Intro

The PowerColor Red Devil Vega 56 review vs. the GTX 1070 Ti

The Red Devil RX Vega 56 arrived last week at BTR for evaluation from PowerColor and we have been benching it versus the Gigabyte RX Vega Liquid Cooled edition and versus the stock GTX 1070 Ti video card using 35 games.  Although the Red Devil RX Vega 56 is an aftermarket RX Vega 56 with the same speeds as the reference card, the card has drastically altered its form into a large open-design triple-fan, 3-slot card.

 AMD released its Vega architecture in August, 2017 as the blower-style reference versions of the RX Vega 56 and Vega 64.  We saw that even though they launched on immature drivers and with power issues, Vega was able to compete in performance with the GTX 1070 and the GTX 1080.  In early November, NVIDIA released the GTX 1070 Ti to compete with the RX Vega 56 aftermarket versions and we are now going to compare their performance as well as compare the Red Devil Vega 56 with the Liquid Edition of the RX Vega 64.

The Red Devil RX Vega 56 vs. the reference RX Vega 56 and vs. Vega 64 LC

If you need a refresher on Vega 64 and 56 architecture, check out our first showdown between the GTX 1080 and the RX Vega 64 Liquid Cooled Edition or our introduction to Vega.  The PowerColor Vega 56 is cut down having 56 compute units compared with the Vega 64’s 64 compute units.  The memory clocks of the reference RX Vega 56 and the PowerColor Red Devil Vega 56 are both set at 800 MHz, while all of the Vega 64 editions’ memory are clocked to 945 MHz which brings a significant boost to performance. 

The Liquid edition of the RX Vega 64 is significantly faster than the reference version, not only because it does not throttle, but because the liquid edition boosts to 1677 MHz while the reference edition is clocked to 1546 MHz.  The PowerColor RX Vega 56 is clocked to the same boost as the reference Vega 56 at 1471 MHz.  The big advantage of the PowerColor RX Vega 56 over the reference version is that the superior cooling of the Red Devil should maintain a steady clock without throttling.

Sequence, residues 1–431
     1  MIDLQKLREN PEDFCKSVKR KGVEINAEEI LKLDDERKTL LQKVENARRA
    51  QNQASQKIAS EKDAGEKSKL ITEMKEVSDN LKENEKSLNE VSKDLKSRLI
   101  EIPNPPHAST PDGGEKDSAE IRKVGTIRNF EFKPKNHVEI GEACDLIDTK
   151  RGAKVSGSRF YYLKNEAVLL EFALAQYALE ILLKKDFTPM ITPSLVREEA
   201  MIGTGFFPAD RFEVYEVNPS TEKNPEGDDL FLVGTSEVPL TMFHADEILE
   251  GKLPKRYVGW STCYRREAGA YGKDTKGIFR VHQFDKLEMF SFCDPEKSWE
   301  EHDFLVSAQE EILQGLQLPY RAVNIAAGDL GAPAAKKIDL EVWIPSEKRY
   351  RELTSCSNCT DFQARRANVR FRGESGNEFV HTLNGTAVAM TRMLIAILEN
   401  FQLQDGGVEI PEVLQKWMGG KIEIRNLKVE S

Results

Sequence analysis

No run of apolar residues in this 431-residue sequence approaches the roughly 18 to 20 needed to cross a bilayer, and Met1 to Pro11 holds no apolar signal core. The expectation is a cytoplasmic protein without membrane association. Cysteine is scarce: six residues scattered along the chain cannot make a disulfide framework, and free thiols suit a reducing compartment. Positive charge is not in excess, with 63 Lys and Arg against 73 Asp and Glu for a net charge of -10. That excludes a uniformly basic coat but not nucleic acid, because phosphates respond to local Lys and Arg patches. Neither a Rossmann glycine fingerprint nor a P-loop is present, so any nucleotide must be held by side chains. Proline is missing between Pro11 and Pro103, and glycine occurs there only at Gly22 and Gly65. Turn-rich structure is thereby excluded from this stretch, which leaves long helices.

The PowerColor Red Devil RX Vega 56 uses the same two 8-pin PCIe power connectors as the reference RX Vega 56.  However, we saw the original reference RX Vega 56 get into trouble with its power delivery as being insufficient for overclocking vs. the GTX 1070 Ti. We also needed to increase the reference RX Vega’s fan speed to 100% to maintain its overclock.  The Red Devil Vega 56 features a 12 phase power delivery and a huge heatsink and 3 fans with 3 BIOSes for the ultimate in stable power delivery and air cooling for enthusiasts.

The primary competitor of the RX Vega 56 is the GTX 1070 Ti and we are going to use the Founders Edition at stock clocks to compare its performance with the PowerColor Red Devil RX Vega 56.  The GTX 1070 Ti has been released at $449.99.  Although the PowerColor Red Devil RX Vega 56 is listed on PowerColor’s website, there is still no official mention of clock speeds nor is there a price yet set. 

UPDATE: We have received word from PowerColor that the Red Devil RX Vega 56 has been priced at $599 and the 64 edition at $699.

Let’s take a closer look and unbox the PowerColor Red Devil RX Vega 56.

A Closer at the PowerColor Red Devil RX Vega 56

The Red Devil RX Vega 56 is the largest video card that we have ever evaluated.  We have been looking forward to aftermarket versions of the RX Vega 56 ever since we reviewed the reference version versus the GTX 1070 in August.  

The Red Devil RX Vega 56 comes in a large box with its features advertised on the outside.

The back of the box also advertises its key features including extraordinary cooling and power delivery.  BIOSes with 3 modes are introduced for Silent, Standard, and Boost clocks.  Of course, it emphasizes 8 GB of advanced HBM2, that it is VR Ready Premium, and it works exceedingly well with FreeSync and FreeSync 2 displays.

The bundle is very sparse consisting of a driver CD, a welcome and quick installation guide, plus an invitation to join the PowerColor Devil’s Club.The Red Devil design is handsome in black and red and there is no way photos can convey the heft, weight, and size of this card.  The PowerColor RX Vega 56 is a massive three-slot design, and here it is compared with a Red Devil RX 570 and with a GeForce GTX 1070 Ti .